Why Are the Rear Brakes Making a Loud Noise After Replacement?

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Loud noises emanating from your ride can definitely detract from the joy of motoring. Brake sounds add another dimension to this annoyance by raising safety concerns. When this disturbing occurrence coincides with recent repairs, workmanship and materials are called into question. The possibility of looming brake failure may add a sense of urgency to the situation, but some brake noises are somewhat less serious than others. A thorough and proper diagnosis can help eliminate the ruckus and alleviate anxieties. Whether the rear brakes are drum or disc styles, noisy operations should be investigated promptly.

The Drum Beat

  • Drum brake designs and construction are tried and true and have afforded good service for decades. Even so, certain requirements must be fulfilled for silent and sufficient function. Brake drums can be worn in a manner that results in a slight taper across the braking surface that widens toward the open side of the drum. The bell-mouthed distortion might go undetected during shoe replacement, and the new shoes do not mate with the taper. An alarming howling tone radiates from the drums and seems to permeate the entire vehicle. A taper in the opposite side of the drum can be the caused by metal fatigue or overheating. Both instances produce a similar sound.

Making The Cut

  • Grooves and scores can be cut into the brake drum by shoes that are worn down too far. Once the friction material, or lining, has been worn away, metal portions of the shoe assembly can contact the drum and score the surface. Loose lining material and dust in the drum may also contribute to the scoring. Replacement shoes only contact the high parts of the grooved surface, and a squeal or groaning sound may occur. Many of these deficiencies can be corrected by restoring the machined finish on the inside of the drum on a lathe built for the purpose. Hard spots on the friction surface of the drum develop from harsh applications or overloaded vehicles. Excessive heat darkens and hardens sections of the drum, creating a chattering sound. Conventional machining methods can not correct this malady, and new drums are required.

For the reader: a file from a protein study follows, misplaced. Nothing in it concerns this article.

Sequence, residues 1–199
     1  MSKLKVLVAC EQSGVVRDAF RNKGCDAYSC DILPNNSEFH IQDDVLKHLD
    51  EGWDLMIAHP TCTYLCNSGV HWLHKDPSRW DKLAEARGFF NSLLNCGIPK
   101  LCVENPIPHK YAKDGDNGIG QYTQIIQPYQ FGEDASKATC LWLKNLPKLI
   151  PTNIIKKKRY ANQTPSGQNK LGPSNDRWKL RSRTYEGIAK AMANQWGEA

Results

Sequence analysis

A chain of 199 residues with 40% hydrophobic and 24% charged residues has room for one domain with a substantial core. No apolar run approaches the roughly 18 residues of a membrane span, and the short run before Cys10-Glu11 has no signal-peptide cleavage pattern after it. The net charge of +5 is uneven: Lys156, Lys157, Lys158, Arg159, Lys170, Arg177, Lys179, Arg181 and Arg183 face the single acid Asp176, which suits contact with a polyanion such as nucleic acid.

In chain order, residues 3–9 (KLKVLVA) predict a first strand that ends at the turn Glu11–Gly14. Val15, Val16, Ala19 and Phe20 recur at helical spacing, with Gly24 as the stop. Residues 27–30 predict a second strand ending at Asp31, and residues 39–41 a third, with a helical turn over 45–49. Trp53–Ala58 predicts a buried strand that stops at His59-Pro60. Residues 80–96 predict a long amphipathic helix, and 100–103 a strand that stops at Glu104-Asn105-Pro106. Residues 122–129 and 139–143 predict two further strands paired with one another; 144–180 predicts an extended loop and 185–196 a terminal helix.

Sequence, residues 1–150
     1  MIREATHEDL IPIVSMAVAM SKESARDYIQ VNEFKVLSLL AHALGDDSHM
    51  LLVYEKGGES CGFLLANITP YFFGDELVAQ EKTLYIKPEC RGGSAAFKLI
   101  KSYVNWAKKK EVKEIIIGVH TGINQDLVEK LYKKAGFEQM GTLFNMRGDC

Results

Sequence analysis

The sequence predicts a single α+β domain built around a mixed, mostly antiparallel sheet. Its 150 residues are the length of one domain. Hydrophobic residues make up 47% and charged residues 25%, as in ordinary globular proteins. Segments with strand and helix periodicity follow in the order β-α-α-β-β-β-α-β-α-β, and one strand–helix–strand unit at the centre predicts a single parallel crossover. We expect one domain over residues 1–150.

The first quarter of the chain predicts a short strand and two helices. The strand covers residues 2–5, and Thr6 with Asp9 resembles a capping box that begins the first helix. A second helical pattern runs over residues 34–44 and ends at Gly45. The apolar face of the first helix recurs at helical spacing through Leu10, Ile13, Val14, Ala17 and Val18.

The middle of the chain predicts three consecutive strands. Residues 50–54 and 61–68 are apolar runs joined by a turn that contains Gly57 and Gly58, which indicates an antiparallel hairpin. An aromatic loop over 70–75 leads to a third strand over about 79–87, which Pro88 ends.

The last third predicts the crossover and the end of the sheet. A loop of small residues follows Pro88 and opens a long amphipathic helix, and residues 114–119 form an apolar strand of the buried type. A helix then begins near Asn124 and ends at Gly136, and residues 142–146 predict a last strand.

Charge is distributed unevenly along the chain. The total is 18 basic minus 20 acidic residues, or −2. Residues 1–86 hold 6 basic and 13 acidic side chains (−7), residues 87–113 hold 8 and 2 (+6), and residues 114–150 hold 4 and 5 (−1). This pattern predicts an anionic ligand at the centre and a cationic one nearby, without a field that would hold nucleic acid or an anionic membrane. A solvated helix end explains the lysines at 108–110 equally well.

If The Shoes Fit

  • The lining on new or rebuilt brake shoes is typically tapered at each end to prevent heel or toe contact with the drum. Bargain replacement shoes may not have this feature, and the square edge of the material impacts the drum sharply at times. The sound of this can differ between applications, but squeals and scuffing noises can occur intermittently. File a bevel into the top and bottom edges of these type shoes if better parts are not available. Brake shoes have different lengths of lining bonded or riveted in place. The shoe with the shorter lining is meant to be the leading, or front brake shoe. It is possible to mount the shoes in the wrong position, and any noises created could seem trivial in comparison to the loss of stopping power.

Discs In The Back

  • Every detail of proper friction surface requirements may be even more critical on rear disc brakes. Rear brake rotors, or discs, are typically solid in construction, rather than the vented rotors found on front axles. Irregularities on the solid friction surfaces are more likely to "sound off," and often do not respond to machining efforts. Shims or backing substances missing from bargain brake pads might soon reveal their necessity. Quality replacement parts replicate original equipment for this reason and are often fashioned with tapers and slots in the lining material to prevent sounds, and heat accumulation. Brake pads made of materials other than those recommended by the vehicle maker may raise an intermittent racket all their own.

References

  • Automotive Suspension Steering Alignment and Brakes; Water E. Billiet and Walter Alley
  • Photo Credit Jupiterimages/Photos.com/Getty Images
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